DeHeart's tennis goal now is to get into the NCAA tournament next spring. Though part of the 2003 National Championship team at Illinois, DeHeart has not qualified for the individual tournament, and his goal is to play in both the team and individual events in 2005. "This helps, for sure," said DeHeart. "And it feels great to know that I played my best tennis at the end. I'll savor this for the next twenty minutes, and then it's back to the books and studying."

In the women's final, Miami's Megan Bradley also saved her best for last, with a 6-2, 6-2 win over California's Suzi Babos (pictured left). Seeded third, Bradley dropped only one set on her way to the title, and that was in the second round, to Sacramento State's Margarita Karnaukhova. "I finally put all the pieces together," said Bradley, the daughter of former major league baseball player Phil Bradley. "In other tournaments, there would be a piece here and a piece there, but this weekend, it all came together. I really kept my focus."

Suzi Babos, a native of Hungary, survived a tough three setter in the semifinals against Clemson's Julie Coin, but was unable to penetrate Bradley's concentration in the final. An early disagreement over a line call proved a disruption Babos was unable to overcome, and her usually effective groundstrokes were not evident against the veteran Bradley. "It was my last hurrah," said Bradley, a senior, of her final ITA Indoor. "It's nice to finish the fall season with a win."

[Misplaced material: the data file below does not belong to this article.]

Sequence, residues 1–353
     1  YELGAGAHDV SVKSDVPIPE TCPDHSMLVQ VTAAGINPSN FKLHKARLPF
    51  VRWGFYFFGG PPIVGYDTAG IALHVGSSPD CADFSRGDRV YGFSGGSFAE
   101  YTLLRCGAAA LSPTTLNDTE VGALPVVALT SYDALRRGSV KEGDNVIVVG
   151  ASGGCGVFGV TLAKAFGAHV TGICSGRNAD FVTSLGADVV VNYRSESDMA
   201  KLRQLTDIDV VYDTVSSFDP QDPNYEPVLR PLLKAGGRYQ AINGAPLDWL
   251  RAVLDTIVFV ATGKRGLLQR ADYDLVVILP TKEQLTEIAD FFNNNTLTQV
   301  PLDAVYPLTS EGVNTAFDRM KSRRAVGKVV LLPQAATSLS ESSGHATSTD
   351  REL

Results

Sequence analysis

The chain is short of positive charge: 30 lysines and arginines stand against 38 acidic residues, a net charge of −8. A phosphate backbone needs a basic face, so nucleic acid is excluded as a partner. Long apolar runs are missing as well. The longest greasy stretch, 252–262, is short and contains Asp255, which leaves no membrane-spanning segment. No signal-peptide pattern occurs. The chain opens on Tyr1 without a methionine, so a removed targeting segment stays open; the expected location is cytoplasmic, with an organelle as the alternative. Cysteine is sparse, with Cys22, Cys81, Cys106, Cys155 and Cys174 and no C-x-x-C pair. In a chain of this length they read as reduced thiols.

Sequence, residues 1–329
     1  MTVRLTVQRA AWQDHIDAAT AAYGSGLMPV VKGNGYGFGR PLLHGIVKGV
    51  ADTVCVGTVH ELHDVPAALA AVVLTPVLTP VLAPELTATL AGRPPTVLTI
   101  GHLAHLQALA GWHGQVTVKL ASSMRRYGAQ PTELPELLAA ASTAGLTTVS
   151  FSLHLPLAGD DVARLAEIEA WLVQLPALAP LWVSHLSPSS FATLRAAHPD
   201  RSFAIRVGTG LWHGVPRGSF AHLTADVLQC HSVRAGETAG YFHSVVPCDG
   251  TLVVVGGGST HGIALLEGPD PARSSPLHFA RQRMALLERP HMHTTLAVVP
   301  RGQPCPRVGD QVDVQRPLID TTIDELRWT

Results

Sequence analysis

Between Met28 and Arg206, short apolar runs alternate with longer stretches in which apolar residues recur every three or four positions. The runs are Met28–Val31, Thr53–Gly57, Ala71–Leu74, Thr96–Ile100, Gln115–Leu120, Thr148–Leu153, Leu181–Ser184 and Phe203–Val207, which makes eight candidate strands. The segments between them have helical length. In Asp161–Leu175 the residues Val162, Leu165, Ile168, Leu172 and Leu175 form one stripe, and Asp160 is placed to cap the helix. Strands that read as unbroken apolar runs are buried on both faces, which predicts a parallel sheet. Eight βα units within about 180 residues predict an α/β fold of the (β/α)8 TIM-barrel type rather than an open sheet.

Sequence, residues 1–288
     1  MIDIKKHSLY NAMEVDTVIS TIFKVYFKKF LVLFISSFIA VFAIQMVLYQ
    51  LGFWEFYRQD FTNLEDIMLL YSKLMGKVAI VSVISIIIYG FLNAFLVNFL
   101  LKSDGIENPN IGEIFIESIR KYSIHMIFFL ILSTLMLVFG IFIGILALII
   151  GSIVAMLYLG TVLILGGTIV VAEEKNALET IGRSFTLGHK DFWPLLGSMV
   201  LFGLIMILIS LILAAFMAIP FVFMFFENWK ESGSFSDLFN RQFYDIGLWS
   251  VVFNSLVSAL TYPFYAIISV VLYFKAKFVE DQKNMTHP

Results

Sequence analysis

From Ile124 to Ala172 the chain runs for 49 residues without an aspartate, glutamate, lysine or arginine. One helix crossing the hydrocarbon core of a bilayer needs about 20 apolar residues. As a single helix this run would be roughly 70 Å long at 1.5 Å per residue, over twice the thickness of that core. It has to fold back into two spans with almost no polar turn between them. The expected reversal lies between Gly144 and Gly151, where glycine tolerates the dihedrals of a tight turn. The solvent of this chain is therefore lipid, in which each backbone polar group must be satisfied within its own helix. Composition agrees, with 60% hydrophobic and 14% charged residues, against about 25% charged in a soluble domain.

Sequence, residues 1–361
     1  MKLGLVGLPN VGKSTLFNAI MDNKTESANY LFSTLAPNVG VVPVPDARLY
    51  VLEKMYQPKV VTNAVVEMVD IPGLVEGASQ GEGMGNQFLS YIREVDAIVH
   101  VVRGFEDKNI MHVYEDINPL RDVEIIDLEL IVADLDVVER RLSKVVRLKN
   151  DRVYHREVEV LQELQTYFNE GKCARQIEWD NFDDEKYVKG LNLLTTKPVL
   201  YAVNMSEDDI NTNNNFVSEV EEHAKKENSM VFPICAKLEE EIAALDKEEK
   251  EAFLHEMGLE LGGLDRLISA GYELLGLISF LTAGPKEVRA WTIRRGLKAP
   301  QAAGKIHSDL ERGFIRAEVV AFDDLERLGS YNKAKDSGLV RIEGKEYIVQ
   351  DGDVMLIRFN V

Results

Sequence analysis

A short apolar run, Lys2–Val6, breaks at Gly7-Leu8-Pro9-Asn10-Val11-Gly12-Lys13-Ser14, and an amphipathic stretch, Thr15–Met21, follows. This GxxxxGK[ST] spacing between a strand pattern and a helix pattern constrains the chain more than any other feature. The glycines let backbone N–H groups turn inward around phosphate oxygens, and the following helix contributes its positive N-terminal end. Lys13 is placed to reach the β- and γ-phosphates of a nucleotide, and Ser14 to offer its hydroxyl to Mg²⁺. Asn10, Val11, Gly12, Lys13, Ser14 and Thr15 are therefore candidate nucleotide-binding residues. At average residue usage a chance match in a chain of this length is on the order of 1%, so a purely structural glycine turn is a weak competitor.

In the women's doubles, Audra Cohen and Cristelle Grier of Northwestern (pictured above right with ITA President David Benjamin) took the title by downing Stanford's Alice Barnes and Erin Burdette 8-2. Cohen and Grier were seeded one and two in singles but both suffered losses on Friday, so their sights were set on the doubles title. Grier won the 2003 ITA Indoor doubles title with Jessica Rush, but the junior welcomed freshman sensation Cohen as a partner less than a month ago. "It's a pleasure playing with her," said Grier. "We definitely have good chemistry." Cohen gave all the credit to Grier. "She's experienced on this surface and knows a lot about the other players, " said Cohen. "That's a big help to me."

Cohen and Grier did not play together at last month's Riviera All-American, so were unseeded at the Indoor, but they showcased their talent and teamwork throughout the tournament, taking out the top seeds in the first round. Barnes and Burdette, also unseeded, nearly equaled that, with their win over the second seeds in the semifinals. But in the final, Cohen and Grier dominated the Cardinal women.